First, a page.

Like many college students, 19-year-old Jimmy Rodriguez has a lot on his plate. But unlike most of his peers, Rodriguez, a DACA beneficiary, is pursuing a degree and a future in a country he may one day be forced to leave. Hari Sreenivasan reports on the unique challenges faced by undocumented students as part of our series, Rethinking College.
Next month, the Supreme Court will hear arguments on the Obama era program called Deferred Action for Childhood Arrivals, or DACA, which has protected hundreds of thousands of individuals, also known as dreamers. They were brought to the U.S. by their parents illegally when they were children.
The issue before the court is whether the Trump administration acted legally when it sought to terminate the program in 2017. Since then, DACA has been closed to new enrollees.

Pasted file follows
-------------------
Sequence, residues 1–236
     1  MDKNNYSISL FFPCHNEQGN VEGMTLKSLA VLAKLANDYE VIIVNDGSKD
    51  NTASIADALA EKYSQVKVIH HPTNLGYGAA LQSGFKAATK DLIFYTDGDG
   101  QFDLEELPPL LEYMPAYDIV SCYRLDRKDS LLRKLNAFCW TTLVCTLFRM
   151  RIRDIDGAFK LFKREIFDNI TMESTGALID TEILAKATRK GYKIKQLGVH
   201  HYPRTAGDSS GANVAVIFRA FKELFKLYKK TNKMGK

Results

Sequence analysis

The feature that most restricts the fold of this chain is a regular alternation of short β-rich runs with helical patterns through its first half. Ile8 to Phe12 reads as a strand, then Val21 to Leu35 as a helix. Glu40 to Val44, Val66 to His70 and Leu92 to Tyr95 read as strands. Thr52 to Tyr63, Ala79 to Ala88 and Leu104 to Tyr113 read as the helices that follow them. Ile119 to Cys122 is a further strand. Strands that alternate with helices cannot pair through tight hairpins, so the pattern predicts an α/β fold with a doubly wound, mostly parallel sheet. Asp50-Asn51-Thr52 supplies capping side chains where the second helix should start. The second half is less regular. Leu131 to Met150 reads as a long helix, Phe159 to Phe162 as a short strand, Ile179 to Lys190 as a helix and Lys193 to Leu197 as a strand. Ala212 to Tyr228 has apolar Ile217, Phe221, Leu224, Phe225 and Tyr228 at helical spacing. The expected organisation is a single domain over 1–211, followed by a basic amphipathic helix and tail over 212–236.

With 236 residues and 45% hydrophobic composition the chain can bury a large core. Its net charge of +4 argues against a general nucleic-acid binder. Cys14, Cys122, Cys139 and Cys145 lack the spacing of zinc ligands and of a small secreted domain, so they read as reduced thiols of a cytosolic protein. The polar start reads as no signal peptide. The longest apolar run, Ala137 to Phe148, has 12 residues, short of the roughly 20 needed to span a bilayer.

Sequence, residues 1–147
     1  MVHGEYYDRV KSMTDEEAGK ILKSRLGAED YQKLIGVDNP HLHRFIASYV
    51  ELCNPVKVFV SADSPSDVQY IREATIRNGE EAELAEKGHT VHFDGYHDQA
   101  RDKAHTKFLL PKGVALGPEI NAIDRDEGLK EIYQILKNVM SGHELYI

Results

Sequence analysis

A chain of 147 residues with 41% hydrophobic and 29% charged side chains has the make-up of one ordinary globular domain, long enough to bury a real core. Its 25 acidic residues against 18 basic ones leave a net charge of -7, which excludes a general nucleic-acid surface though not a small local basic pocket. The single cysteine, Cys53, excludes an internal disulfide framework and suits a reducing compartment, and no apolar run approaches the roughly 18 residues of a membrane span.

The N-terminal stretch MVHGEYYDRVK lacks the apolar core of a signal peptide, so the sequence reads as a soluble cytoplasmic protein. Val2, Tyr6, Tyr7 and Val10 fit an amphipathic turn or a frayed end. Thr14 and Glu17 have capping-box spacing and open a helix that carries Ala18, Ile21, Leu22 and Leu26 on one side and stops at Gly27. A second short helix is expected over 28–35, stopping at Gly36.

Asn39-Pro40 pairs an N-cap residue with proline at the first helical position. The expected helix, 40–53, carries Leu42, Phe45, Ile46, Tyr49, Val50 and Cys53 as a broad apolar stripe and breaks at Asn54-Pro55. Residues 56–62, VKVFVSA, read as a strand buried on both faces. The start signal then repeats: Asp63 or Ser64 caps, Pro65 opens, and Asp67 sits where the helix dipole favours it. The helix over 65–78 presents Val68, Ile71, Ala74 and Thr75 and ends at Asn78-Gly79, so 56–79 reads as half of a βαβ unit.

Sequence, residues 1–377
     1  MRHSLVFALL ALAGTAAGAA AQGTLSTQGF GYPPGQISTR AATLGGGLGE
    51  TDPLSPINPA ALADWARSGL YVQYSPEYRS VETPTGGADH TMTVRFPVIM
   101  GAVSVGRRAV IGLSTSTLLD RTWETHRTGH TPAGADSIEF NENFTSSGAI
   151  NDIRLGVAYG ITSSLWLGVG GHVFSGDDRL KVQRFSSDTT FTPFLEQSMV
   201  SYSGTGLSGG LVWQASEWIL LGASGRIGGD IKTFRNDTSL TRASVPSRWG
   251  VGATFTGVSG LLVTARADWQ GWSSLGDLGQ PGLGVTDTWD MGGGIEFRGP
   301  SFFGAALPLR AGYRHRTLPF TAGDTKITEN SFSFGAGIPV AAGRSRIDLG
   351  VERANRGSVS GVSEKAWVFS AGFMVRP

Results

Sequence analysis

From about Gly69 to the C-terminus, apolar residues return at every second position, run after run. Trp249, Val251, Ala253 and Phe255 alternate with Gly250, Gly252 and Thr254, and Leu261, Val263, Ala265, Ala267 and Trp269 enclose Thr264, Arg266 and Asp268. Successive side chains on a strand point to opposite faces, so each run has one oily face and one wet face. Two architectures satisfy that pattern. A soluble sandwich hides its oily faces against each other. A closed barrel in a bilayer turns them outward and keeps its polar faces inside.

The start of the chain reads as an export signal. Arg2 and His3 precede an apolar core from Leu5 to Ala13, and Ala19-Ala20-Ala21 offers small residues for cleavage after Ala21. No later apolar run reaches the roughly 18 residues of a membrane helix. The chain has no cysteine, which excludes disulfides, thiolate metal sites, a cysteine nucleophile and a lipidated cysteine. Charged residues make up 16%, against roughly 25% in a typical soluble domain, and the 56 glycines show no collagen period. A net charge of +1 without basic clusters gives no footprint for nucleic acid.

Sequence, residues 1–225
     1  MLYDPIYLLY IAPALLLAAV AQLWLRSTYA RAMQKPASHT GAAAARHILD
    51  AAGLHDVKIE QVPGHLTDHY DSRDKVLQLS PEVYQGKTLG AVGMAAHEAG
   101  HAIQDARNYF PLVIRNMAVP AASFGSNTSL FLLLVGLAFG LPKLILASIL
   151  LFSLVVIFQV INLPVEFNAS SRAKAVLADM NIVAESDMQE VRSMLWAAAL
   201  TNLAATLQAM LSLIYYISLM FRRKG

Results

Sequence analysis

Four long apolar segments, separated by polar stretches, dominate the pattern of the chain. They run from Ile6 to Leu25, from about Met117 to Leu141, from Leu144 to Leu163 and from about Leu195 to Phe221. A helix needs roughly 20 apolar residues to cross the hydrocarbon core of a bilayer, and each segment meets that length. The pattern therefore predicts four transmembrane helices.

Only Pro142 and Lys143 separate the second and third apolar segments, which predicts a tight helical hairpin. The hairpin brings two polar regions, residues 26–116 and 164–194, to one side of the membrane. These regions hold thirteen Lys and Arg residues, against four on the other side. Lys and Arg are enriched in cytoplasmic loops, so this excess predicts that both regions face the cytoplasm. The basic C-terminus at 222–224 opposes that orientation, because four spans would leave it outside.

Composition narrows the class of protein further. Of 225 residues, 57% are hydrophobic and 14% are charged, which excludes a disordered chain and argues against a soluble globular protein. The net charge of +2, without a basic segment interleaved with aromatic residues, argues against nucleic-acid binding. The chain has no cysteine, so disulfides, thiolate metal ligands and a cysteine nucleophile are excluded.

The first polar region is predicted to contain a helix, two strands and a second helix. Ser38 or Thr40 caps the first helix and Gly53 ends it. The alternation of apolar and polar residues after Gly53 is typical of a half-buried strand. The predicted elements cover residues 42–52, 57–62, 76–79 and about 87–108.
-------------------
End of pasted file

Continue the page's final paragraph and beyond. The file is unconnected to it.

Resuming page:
Hari Sreenivasan recently traveled to Ohio to speak with DACA students about their experiences.
It's the latest in our special series on Rethinking College, and it's part of our regular education segment, Making the Grade.
After you have decided on what you want to study, you have to review the literature.
Like many college students, 19-year-old Jimmy Rodriguez has a lot on his plate. He's taking a full course load this semester at Lorain County Community College in Ohio.
In the evenings, he practices with the school's soccer team. But unlike most of his peers, Rodriguez is pursuing a degree and a future in a country he may one day be forced to leave.
I know there are a couple of things I wanted to follow up with you on. And that is your paperwork for the DACA.
Rodriguez is a DACA beneficiary. His parents brought him to the U.S. from Mexico in 2002, when he was a year-and-a-half old. He's never been back to Mexico.
DACA means the world to me. I'm able to get a job, a normal job, get my license, almost like a citizen, but not fully yet.
He wants to be the first person in his family to graduate from college. But those plans were almost derailed last year when he and his father, who's also undocumented, were caught up in a federal ICE raid while working at a garden center.